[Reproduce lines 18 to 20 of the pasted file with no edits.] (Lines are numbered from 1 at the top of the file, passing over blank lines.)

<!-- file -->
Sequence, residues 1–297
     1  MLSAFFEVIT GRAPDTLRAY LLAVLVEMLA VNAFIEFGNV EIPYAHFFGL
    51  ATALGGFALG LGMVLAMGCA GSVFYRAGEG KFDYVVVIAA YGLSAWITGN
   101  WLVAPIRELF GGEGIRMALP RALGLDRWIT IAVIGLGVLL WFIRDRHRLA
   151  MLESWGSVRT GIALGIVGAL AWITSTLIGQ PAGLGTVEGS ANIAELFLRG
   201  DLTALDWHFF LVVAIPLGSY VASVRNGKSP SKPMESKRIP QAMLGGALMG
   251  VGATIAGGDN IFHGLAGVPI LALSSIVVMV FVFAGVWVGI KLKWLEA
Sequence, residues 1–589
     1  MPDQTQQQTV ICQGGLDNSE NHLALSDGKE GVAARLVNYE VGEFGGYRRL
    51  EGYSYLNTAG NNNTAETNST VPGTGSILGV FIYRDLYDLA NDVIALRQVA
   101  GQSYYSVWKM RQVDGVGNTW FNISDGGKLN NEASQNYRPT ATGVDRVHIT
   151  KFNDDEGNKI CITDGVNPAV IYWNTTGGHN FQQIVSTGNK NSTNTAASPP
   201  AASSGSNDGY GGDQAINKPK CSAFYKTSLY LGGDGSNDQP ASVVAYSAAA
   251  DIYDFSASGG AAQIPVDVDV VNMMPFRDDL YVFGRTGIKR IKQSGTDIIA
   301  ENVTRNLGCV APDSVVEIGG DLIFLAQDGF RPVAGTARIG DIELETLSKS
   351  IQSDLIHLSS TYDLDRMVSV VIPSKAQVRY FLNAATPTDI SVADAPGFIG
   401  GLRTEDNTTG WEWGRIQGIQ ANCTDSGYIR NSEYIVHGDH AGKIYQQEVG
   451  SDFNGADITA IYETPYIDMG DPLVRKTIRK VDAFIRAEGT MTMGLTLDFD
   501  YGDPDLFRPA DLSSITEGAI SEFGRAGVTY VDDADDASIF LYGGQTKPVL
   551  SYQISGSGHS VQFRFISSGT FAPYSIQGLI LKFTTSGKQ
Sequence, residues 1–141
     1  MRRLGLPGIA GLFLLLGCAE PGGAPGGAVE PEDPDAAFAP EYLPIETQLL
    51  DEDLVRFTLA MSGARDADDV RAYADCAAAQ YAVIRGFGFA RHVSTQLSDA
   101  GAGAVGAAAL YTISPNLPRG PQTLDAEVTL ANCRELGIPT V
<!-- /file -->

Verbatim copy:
   451  SDFNGADITA IYETPYIDMG DPLVRKTIRK VDAFIRAEGT MTMGLTLDFD
   501  YGDPDLFRPA DLSSITEGAI SEFGRAGVTY VDDADDASIF LYGGQTKPVL
   551  SYQISGSGHS VQFRFISSGT FAPYSIQGLI LKFTTSGKQ